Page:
Jump to content
Mander Organ Builders Forum

Mixtures with/out thirds


father-willis
 Share

Recommended Posts

Hi

 

Many English organs of this period when the Swell was taking over from the Choir as the usual secondary manual would have TC (or fiddle-G) swells with either the Gt Stopped Diap duplexed onto the lower notes, or a seprate rank of of St Diap pipes (and maybe a couple of other stops) as a "Choir Bass". An interesdting example is Peter Bumpsteads reconstruction of a vintage Bishop at Haslingfield - see http://www.npor.org.uk/cgi-bin/Rsearch.cgi...ec_index=C00877 this gives a bit of variety on the pedals to widen the available repertoire, whilst remaining true to the organ's roots. (It had previous undergone a number of alterations over the years).

 

Every Blessing

 

Tony

 

This is a very handsome looking and sounding instrument. I was under the impression both from the NPOR notes and other sources that Bumstead's Choir Bass contrivance was for modern convenience rather than historically grounded.

 

The only similar occurrence I know personally (albeit on only one stop), which is done other than with pneumatic or electric action, is at St Mary's Devizes, which is a wonderful thing. The notes there explain how it works. (The Great Stopped Bass must therefore have its own pallets, if the Swell keys are working directly on an action leading to the Great and only the Stopped Bass is sounded.)

 

I would love to know whether this is original to Sweetland, who (being based at that time in Devizes and organist at this church) would have been adventurous with it. It could be later, but not too much, as in 1975 Rushworths would surely have stuck the pipes on a pneumatic chest as Daniels had done just down the road at West Lavington in 1948. I must confess that I have never knowingly encountered an example of a Stopped Bass for the lower notes except as a later addition, and am most used to seeing Swell bass keys set rigidly in the flat position.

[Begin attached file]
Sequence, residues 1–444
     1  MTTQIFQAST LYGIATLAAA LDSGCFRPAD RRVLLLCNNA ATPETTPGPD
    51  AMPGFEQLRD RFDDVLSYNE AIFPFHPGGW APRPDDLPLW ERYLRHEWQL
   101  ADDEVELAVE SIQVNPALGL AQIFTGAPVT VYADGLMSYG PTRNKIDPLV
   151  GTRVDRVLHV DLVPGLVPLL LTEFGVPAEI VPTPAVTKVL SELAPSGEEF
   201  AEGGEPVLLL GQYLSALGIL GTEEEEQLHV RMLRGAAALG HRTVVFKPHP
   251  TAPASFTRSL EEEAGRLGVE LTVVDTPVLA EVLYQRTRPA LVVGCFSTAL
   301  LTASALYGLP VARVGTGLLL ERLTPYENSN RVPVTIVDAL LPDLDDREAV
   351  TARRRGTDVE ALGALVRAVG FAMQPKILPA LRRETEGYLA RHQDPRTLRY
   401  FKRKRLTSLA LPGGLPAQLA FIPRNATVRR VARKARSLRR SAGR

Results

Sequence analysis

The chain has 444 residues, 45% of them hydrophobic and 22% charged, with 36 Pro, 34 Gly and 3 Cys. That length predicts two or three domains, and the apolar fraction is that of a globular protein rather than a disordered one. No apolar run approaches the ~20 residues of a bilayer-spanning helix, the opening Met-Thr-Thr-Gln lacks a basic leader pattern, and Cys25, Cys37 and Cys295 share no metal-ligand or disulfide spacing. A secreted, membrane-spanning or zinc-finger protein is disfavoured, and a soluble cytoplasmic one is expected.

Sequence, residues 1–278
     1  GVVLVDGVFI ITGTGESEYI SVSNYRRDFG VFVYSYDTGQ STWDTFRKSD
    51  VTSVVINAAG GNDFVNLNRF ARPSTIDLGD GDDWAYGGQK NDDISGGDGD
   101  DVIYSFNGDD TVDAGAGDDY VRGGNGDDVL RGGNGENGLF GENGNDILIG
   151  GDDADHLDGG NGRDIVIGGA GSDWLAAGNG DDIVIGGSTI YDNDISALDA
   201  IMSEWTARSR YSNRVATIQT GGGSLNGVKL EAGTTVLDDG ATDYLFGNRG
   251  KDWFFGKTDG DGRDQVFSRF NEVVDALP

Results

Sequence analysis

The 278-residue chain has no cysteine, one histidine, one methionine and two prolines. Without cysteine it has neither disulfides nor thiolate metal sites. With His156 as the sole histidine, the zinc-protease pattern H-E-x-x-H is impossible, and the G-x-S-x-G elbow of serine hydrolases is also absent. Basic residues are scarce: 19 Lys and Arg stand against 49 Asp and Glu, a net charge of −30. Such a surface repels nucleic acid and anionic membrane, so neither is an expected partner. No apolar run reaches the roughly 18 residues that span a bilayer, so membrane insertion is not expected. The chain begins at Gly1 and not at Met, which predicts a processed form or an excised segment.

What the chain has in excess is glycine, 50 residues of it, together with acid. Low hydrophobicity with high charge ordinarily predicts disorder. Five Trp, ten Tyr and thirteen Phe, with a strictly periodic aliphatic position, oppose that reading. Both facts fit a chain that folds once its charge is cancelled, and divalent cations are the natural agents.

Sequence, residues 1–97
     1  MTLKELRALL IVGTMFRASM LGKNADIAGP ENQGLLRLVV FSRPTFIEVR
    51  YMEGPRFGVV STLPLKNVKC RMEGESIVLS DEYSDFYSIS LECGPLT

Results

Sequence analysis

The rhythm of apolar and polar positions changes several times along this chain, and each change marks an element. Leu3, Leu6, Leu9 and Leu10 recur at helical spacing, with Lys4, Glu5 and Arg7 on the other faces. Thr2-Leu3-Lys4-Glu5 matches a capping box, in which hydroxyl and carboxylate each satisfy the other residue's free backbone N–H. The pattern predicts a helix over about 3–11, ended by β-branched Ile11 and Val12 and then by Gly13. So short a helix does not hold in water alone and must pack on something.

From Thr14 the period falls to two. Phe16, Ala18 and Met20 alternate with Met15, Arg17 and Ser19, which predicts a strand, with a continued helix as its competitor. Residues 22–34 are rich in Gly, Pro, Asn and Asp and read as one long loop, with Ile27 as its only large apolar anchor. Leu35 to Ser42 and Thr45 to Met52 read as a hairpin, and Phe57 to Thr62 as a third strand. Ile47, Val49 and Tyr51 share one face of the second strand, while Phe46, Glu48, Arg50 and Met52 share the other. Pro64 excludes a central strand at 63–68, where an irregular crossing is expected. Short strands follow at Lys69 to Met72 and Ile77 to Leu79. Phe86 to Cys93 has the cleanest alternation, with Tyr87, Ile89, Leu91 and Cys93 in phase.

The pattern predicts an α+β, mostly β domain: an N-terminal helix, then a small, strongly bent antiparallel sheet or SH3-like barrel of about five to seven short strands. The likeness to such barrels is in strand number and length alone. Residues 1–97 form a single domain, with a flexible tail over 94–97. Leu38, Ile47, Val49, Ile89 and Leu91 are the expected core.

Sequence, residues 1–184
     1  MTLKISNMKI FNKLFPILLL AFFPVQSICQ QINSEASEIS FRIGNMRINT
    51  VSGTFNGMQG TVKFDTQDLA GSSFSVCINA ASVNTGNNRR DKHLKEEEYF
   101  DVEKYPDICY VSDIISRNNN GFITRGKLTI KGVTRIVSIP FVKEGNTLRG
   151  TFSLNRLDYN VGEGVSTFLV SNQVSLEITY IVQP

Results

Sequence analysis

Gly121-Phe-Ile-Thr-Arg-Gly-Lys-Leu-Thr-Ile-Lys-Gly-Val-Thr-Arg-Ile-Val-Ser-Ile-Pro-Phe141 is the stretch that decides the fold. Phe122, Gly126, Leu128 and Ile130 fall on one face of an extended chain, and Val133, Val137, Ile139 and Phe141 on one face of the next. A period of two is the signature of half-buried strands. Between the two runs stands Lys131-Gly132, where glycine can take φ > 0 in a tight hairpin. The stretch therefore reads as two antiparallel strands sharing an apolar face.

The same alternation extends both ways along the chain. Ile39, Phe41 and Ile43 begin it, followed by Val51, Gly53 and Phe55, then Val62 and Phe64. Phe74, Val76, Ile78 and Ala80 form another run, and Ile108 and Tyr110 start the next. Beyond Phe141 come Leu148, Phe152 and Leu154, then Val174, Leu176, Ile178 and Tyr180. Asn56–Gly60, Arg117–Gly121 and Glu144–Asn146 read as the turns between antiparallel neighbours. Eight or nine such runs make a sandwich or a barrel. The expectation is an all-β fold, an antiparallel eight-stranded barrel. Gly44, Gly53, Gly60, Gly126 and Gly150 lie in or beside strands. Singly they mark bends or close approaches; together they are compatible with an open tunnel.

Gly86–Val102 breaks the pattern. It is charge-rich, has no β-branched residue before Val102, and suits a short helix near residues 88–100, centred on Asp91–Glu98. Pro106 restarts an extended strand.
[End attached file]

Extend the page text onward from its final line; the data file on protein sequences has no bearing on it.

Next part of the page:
Link to comment
Share on other sites

This is a very handsome looking and sounding instrument. I was under the impression both from the NPOR notes and other sources that Bumstead's Choir Bass contrivance was for modern convenience rather than historically grounded.

Here's an two-manual with a Choir Bass from 1735. Wish we still had it, actually. The case survived until WW2. http://www.npor.org.uk/cgi-bin/Rsearch.cgi...ec_index=R01616

Link to comment
Share on other sites

Here's an two-manual with a Choir Bass from 1735. Wish we still had it, actually. The case survived until WW2. http://www.npor.org.uk/cgi-bin/Rsearch.cgi...ec_index=R01616

 

Wow! A perfect model for the Bishop/Bumstead.

 

I wonder what they did for a significant 2' in its first 90 years of life (presumably from its position the Nason is a 2' flute), particularly with all those fractions? Maybe an earlier unrecorded substitution?